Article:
underlankers (underlankers) wrote in talk_politics,

Once upon a time:

There was a country that had grown great and mighty on the basis more of its military power than anything else there was particularly to note about it. Officially this country was pledged to making the world a better place, to removing injustice. This country had a neighbor to the south that it had a vested interest in controlling and which as small countries strangled by big countries do resented the everloving Hell out of that. This country had also had a history of doing very bad things to its southern neighbor on a repeated basis. If there is such a thing as the geopolitical bad touch, this was what the one country did to the other.

But the beneficiaries of this New Man's Burden did not appreciate it and liked the Old Man better. So they overthrew the regime that had allowed these things, which led to the big neighbor going in on the official invitation of its new neighbor to restore justice for its economic interests. This repeated itself for a while and eventually the locals became just irritated enough to try for something completely different. So a group of armed gangsters rose up against one evil overlord and replaced him with another one. And the big country reacted with a frightened yelp that was followed by a blundering invasion that permanently soured relationships between the regions in question in ways that led to directly motivated terrorism by the small country aimed at the interests of the big one.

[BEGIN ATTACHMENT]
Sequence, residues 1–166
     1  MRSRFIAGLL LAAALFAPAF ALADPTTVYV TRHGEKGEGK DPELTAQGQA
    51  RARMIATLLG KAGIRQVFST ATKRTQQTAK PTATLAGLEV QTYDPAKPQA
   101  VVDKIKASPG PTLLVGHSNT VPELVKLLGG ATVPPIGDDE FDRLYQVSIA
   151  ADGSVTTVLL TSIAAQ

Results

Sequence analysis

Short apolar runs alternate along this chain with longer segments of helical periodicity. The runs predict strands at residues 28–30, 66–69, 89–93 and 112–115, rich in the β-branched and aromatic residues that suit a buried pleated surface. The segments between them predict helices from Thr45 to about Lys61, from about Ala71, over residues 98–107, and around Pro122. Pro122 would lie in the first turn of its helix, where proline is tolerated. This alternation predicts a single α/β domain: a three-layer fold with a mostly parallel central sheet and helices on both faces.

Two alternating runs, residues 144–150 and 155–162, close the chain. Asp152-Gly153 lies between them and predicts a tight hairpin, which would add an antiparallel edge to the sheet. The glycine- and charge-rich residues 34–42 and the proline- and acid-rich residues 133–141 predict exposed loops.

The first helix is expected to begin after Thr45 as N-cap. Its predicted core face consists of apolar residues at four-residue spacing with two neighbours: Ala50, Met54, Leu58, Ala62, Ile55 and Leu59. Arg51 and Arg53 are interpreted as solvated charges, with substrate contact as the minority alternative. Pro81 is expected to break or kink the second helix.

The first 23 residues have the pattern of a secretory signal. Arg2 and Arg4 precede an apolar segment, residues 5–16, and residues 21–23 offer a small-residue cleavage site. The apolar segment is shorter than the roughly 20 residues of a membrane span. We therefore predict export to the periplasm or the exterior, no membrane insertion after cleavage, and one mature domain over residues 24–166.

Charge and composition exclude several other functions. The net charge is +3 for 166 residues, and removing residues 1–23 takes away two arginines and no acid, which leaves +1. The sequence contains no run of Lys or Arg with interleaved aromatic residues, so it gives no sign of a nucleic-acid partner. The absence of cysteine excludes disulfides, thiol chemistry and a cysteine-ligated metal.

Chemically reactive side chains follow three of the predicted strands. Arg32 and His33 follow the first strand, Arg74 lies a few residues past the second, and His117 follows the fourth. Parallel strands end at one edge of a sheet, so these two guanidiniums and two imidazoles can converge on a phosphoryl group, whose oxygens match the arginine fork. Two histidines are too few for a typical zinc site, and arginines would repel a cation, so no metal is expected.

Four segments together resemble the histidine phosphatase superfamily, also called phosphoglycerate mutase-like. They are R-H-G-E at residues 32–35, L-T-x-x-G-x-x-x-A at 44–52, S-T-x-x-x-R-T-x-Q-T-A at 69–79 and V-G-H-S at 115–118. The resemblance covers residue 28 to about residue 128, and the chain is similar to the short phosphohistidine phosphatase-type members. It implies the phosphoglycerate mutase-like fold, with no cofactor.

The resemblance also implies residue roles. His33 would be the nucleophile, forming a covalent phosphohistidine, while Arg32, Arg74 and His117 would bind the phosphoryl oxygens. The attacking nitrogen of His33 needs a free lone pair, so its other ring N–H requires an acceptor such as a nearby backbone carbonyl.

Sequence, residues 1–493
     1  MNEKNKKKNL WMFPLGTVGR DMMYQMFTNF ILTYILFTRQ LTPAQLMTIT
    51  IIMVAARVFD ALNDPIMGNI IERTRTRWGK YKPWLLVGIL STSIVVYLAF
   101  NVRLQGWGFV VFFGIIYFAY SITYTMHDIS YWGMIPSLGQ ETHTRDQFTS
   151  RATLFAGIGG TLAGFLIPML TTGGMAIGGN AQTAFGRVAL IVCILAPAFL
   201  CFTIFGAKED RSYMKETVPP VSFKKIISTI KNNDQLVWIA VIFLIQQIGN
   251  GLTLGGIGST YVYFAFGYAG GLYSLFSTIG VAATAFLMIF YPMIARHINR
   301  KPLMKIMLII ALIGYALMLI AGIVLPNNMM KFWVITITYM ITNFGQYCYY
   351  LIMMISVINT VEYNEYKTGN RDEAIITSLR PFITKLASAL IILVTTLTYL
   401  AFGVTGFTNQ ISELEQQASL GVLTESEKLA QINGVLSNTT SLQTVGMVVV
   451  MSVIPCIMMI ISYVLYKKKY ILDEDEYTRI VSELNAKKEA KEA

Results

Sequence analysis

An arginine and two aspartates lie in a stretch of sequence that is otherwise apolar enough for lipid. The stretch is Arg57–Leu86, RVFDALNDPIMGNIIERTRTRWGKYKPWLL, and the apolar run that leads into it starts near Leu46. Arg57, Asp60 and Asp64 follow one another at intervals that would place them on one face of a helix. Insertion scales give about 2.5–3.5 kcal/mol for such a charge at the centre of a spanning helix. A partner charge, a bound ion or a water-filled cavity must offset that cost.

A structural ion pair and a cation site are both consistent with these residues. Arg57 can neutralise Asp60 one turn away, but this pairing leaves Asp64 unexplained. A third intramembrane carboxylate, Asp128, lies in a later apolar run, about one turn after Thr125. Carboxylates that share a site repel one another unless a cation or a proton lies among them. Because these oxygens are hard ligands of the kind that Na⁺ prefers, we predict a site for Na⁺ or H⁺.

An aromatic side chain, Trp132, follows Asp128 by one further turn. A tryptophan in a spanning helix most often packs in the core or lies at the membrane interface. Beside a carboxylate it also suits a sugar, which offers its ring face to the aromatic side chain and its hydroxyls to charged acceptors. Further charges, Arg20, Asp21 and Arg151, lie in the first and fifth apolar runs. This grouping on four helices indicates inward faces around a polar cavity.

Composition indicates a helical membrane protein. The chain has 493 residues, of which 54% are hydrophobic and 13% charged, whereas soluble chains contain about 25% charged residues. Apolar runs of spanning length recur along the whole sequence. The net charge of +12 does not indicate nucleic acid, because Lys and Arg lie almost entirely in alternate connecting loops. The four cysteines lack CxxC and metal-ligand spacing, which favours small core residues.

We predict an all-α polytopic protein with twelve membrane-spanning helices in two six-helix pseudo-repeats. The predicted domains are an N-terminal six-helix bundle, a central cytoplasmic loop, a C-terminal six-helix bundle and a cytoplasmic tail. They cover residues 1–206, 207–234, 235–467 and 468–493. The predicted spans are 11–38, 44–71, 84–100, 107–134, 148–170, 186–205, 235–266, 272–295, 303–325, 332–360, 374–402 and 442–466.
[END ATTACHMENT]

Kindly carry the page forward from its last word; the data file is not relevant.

What is this referencing?


The United States' relationship with the former Spanish province called Cuba, the Teller Amendment, and the revolving door invasions and US backed coups and countercoups that produced Castro, the Bay of Pigs, and Cuban foreign adventurism during the Cold War.

One of the greatest problems IMHO with democracy has always been that democracy has been treated on a 'this is for me but not for thee' basis. If, however, democracies do not in fact allow democracy to exist in other parts of the world in the fear that their interests might not receive respect, does democracy have meaning as a concept? In my opinion I would say that only insofar as democracies adhere to their ideals outside their territorial boundaries, regardless of the price their interests might potentially pay, does democracy have a meaning as a force in geopolitical terms instead of as a buzzword for 'cough up the dough or else.'
Tags: democracy, history, usa
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